Wed, July 17 Grand Rapids, MI @ Pyramid Scheme
* w/ Good Fuck
Comprised of sibling duo Andrew and Alexander Jarson, the Arizona-based synth pop act Body of Light can trace their origins to Jarsons involvement in the acclaims Ascetic House collective. Initially, what began as a vehicle for the duo to explore noise and sound during their early teens has evolved into an established electronic production and artist unit that specializes in music that draws from the Jarson’s individual and shared experiences and possesses elements of New Wave, freestyle, goth and techno.
Slated for a July 26, 2019 release through Dais Records, Body of LIght’s forthcoming, third album Time to Kill finds the Arizona-based duo refining their sound with a bolder sonic palette while thematically weaving stories of love and obsession in an era of technological bondage and increasingly fleeting exhilaration. Interestingly, Time to Kill’s latest single, album title track “Time to Kill” is centered around a broodingly cinematic and dance floor friendly production consisting of relentless, tweeter and woofer thumping beats, shimmering and arpeggiated synths and a soaring hook paired with plaintive vocals. And while the decidedly 80s goth/synth pop track recalls early Depeche Mode, Tears for Fears, Power, Corruption and Lies-era New Order and Upstairs at Eric’s-era Yaz, the song possesses a modern, studio sheen — without polishing away the swooning Romanticism at the core of the song.
Directed by Travis Waddell, the gorgeously shot, recently released video for “Time to Kill” is split between slow-motion, live footage of the duo performing in s small, sweaty basement club in front of ecstatic fans — and footage of the duo brooding in a studio in front of moody lighting.
With his solo recording project Lonas, the Nashville-based singer/songwriter, multi-instrumentalist and producer Louis Johnson makes a marked departure from his work as a member of Americana duo The Saint Johns. Johnson’s Lonas debut, Youth EP as he explains in press notes “is an attempt to immortalize millennials’ nostalgia for the past and unprecedented anxiety about the future.”
Interestingly, the EP’s first single, the slow-burning “High School Kids” is centered around a lush and brooding production featuring shimmering guitars, atmospheric electronics and propulsive drumming — and while sonically evoking the 90s pop that influenced it, the song is written from the perspective of someone looking back at their high school years with a warm, rose-colored, romanticized nostalgia. After all, the world seemed so much simpler — friendships and romantic relationships were supposed to last forever; humanity didn’t seem to be spinning closer to annihilation; and you didn’t have to face the compromises, complexities and uncertainties of the adult world. But there’s this tacit acknowledgement that the song’s narrator can’t get that time back.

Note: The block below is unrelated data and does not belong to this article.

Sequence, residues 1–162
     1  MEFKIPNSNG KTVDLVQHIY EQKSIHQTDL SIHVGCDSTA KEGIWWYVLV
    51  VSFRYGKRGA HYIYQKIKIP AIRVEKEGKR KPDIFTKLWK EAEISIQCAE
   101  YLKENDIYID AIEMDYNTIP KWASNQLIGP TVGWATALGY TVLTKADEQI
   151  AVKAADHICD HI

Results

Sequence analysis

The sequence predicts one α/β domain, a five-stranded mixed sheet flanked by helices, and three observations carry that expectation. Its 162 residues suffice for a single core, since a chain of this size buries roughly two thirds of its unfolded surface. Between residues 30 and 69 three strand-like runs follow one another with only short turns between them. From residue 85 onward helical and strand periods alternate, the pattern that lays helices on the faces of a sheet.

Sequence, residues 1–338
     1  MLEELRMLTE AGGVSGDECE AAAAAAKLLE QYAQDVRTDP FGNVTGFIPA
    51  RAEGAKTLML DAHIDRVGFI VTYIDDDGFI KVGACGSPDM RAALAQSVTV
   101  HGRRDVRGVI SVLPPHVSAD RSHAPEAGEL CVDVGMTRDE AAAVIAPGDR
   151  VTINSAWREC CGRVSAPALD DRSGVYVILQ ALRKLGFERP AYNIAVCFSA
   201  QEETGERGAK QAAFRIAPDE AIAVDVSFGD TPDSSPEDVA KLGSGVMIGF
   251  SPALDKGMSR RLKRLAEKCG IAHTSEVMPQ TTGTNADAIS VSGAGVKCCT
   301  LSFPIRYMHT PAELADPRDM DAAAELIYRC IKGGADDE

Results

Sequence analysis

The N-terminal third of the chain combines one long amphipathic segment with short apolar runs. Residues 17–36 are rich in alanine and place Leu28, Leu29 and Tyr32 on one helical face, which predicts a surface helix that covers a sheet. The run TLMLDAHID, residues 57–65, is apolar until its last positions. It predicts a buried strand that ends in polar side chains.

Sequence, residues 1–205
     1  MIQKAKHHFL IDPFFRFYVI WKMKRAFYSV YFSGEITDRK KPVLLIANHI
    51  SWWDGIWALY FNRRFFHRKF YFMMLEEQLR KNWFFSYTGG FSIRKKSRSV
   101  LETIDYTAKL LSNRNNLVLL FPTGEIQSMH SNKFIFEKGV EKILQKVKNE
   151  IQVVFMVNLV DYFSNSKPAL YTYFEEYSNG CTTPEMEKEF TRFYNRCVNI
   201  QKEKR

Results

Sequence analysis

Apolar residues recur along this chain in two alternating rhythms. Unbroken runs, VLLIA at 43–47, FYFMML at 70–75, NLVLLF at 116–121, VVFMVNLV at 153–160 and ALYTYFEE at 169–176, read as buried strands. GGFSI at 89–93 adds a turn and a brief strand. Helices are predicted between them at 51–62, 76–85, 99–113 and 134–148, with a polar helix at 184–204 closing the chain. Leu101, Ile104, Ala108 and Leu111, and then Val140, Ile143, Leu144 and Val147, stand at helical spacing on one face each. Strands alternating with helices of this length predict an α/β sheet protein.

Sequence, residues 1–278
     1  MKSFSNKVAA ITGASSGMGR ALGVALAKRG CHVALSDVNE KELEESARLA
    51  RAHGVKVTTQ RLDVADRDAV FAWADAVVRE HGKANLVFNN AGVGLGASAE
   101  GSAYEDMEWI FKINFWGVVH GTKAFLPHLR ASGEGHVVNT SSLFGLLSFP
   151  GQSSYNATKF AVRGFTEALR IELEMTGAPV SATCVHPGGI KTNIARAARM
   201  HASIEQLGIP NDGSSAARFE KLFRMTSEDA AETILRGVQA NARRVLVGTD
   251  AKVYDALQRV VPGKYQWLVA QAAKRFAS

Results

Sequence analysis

Directed by John Gillian, the video stars Andy Prince as a therapist and Johnson as himself, the recently released video ironically finds both men being incredibly nostalgic about their pasts — the carefree days of hanging out, goofing off and of seemingly simpler consequences. The video splits between the current day and grainy video footage, shot back in high school, capturing the youthful sense of hope and excitement of the time.
With the release of a critically applauded batch of material — 2013’s Saudade EP, 2015’s Verde EP, 2017’s full-lenght debut, Crawl Space, a cover of Beyonce’s “No Angel” and a guest spot on Glass Animals’ “Holiest,” the Vancouver, British Columbia, Canada-born, Los Angeles-based singer/songwriter, electronic music artist and electronic music producer Valerie Teicher, best known as the creative mastermind behind Tei Shi has developed a reputation for crafting slow-burning, shimmering, ethereal pop.
Teicher has spent the past couple of years working on her forthcoming sophomore album — but she’s also managed to find some time to collaborate with Blood Orange and Diddy on the viral hit song “Hope,” which has amassed over 10 million streams. Also, she appeared in the video for the song alongside Diddy, A$AP Rocky, Tyler the Creator and Empress Of — and she joined Blood Orange in a performance of the song at this year’s Coachella Festival. Interestingly, the album’s slow-burning and gorgeous first single “A Kiss Goodbye” is reportedly a tonal departure from her moodier, darker debut as it finds Teicher, who’s a Colombian-Canadian reconnecting with her Latin roots and influences with the material also reflecting her relocation from New York to Los Angeles. Interestingly enough, while superficially recalling Sade, the song has a subtle Brazilian tropicalia lilt — until the trap beat driven bridge, which gives the song an unexpected, urgency.